Another fantastic discussion occurs in the chapter “Diagnosis,” which again speaks some uncomfortable truths. In this chapter (or essay), Wang outlines the various medical definitions of schizophrenia and how her own symptoms line up. Furthermore, she unpacks the struggles of getting the diagnosis after having eight years of hallucinations. But, even more interesting is Wang’s discussion of how it feels to receive a diagnosis:
“Some people dislike diagnoses, disagreeably calling them boxes and labels, but I’ve always found comfort in preexisting conditions…” (p. 5)
Thus, Wang acknowledges a kind of comfort associated with diagnosis and hints at a sense of community:
“A diagnosis is comforting because it provides a framework- a community, a lineage—and, if luck is a foot, a treatment or cure.” (p. 5)
This proposition, while controversial, still associates with a history and belonging that are so infrequently discussed. The passage brought to mind recent works regarding who can claim disability identity through means of “biocertification,” in Fantasies of Identification: Disability, Gender, and Race by Ellen Samuels, but lacks deeper analysis beyond Wang’s own thoughts.
Themes of identity and illness are taken further in “Toward a Pathology of the Possessed,” which recounts the story of Malcoum Tate, a man who was known to have schizophrenia. Tate was murdered after being shot 13 times by his own sister. This chapter is significant because Wang compares Malcoum’s murder to Malcoum’s misunderstood behavior and past criminal record, creating a specific narrative regarding “schizophrenia” (as Wang argues). This narrative therefore exposes ableism. Likewise, Wang notes the ways in which the media sensationalized this story by drawing out the brother’s diagnosis and sister’s reasoning as a means of “love,” because of the politics regarding mental illness. Wang describes these politics as: “The story of schizophrenia is one with a protagonist, ’the schizophrenic’, who is first a fine and good vessel with fine and good things inside of it, and then becomes misshapen through the ravages of psychosis; the vessel becomes prone to being filled with nasty things. Finally, the wicked thoughts and behavior that may ensue become inseparable from the person, who is now unrecognizable from what they were” (29-30). This characterization of schizophrenia is then compared to Regan in The Exorcist and contrasted in later chapters to explore another problematic trope: that of the fallen genius, or intellectual. This trope is exposed by the author in her discussions comparing A Beautiful Mind and Brain on Fire.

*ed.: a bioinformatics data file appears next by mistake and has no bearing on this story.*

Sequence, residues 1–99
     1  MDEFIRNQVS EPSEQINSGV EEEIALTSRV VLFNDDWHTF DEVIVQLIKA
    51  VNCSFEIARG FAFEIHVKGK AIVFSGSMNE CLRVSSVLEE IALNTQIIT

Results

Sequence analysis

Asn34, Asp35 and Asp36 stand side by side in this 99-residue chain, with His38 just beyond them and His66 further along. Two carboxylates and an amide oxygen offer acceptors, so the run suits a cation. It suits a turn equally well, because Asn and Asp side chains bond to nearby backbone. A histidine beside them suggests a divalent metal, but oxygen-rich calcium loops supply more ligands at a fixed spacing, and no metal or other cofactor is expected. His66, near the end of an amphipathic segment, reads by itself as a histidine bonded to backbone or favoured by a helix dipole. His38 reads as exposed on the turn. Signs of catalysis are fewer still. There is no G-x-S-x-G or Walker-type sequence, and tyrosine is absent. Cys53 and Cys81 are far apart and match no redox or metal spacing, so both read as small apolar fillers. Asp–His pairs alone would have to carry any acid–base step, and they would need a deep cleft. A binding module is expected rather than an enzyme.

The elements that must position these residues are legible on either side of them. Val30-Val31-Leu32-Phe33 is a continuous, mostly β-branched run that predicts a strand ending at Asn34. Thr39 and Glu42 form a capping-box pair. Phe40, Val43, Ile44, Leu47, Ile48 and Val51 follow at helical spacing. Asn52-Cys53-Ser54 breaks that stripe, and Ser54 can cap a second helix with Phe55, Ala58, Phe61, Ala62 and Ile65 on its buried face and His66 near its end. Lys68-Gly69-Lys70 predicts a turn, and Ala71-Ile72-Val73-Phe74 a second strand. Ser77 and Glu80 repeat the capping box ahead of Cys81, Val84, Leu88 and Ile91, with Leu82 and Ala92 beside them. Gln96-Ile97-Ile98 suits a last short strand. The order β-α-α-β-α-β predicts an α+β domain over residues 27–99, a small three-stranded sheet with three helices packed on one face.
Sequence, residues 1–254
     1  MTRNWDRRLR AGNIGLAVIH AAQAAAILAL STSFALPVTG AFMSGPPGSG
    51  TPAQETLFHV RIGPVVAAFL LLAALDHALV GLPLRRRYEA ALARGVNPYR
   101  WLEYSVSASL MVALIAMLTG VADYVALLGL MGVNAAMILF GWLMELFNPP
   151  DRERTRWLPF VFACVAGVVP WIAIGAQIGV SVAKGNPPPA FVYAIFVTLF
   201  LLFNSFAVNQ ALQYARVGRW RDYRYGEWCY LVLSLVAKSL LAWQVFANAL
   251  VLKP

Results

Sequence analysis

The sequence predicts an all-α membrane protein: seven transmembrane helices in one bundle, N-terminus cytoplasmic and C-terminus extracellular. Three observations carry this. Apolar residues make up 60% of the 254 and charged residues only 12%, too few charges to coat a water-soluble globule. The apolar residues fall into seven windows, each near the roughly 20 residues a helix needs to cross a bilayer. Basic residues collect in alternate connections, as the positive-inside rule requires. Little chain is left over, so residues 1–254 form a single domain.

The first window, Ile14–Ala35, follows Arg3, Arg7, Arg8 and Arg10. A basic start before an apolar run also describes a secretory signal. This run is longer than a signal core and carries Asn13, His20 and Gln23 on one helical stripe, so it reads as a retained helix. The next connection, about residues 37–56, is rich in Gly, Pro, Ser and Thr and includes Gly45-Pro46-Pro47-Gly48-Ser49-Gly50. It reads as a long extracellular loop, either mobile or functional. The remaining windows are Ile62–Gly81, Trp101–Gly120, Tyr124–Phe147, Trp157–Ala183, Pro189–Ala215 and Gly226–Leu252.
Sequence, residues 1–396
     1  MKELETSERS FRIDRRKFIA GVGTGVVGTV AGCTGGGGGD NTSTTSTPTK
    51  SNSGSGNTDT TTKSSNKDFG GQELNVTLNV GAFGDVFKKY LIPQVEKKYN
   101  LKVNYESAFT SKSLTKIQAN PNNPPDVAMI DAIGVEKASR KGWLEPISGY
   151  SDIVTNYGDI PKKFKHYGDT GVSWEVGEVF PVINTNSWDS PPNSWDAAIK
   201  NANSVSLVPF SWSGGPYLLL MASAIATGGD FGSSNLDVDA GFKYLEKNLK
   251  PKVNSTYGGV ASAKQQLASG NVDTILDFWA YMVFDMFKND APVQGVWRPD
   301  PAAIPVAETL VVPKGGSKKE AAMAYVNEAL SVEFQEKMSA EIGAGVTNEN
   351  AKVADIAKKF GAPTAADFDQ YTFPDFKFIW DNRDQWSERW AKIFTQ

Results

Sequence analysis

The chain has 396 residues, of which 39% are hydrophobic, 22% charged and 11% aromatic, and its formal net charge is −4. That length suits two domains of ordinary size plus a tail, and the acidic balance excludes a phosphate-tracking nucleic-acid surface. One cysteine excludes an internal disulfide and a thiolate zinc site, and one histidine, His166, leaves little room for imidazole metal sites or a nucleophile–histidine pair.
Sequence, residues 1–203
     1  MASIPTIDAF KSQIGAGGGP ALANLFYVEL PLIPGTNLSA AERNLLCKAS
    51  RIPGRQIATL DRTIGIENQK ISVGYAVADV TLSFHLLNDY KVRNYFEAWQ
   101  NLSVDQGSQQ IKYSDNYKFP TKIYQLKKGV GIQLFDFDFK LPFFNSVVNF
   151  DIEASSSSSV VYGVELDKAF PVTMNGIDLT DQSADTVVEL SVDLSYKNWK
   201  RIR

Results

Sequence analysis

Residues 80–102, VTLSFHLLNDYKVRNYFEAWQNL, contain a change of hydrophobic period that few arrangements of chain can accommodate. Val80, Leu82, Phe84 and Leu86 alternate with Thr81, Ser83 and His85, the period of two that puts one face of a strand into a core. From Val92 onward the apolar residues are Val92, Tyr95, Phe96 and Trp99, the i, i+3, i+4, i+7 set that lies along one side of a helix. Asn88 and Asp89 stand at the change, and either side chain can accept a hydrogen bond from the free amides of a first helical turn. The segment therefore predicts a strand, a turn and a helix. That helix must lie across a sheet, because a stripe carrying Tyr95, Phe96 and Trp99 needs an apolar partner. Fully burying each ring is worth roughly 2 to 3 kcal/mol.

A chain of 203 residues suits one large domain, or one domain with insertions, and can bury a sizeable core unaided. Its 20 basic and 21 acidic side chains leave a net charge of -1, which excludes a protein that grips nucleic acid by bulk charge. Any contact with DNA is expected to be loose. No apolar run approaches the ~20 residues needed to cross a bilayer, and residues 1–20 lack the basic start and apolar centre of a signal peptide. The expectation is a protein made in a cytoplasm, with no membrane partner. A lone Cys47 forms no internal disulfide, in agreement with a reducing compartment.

Overall, Wang explores her journey through diagnosis and life afterward through beautiful writing and subtle yet powerful analyses of the complex realities of illness. This essay collection is certainly an important one as it provides a well-rounded approach to the mental illness narratives of women, allowing space for self-acceptance and no clear solutions. The final lines of the final essay speak to Wang’s now attributed skills of “keeping tethered” and the realization that her symptoms could return at any time. While this book shines so brightly in its unique prose and holistic narrative style, it is also quite important in referencing Wang’s positionality. There is relatively little written about the ways in which culture impacts mental illness and identity; this book begins to explore these concepts. Wang does a good job of addressing the complexities of diagnosis, including the resistance, the fear, the lineage, and the discomfort. I only wish the book was harsher at times in its criticisms, but perhaps that is not Wang’s way. Her style makes the text more accesible to a wider range of readers, and she does it all fabulously.
Title: The Collected Schizophrenias
Author: Esme Weijun Wang
Publisher: Graywolf Press
Publication Date: 2019
About the Reviewer
Charlotte Price is a recent graduate of Syracuse University’s iSchool, where she earned an MLIS and a Certificate of Advanced Study (CAS) in Disability Studies. She works as a librarian. Charlotte lives in her hometown of Columbus, Ohio, with her dog, Tinkerbelle.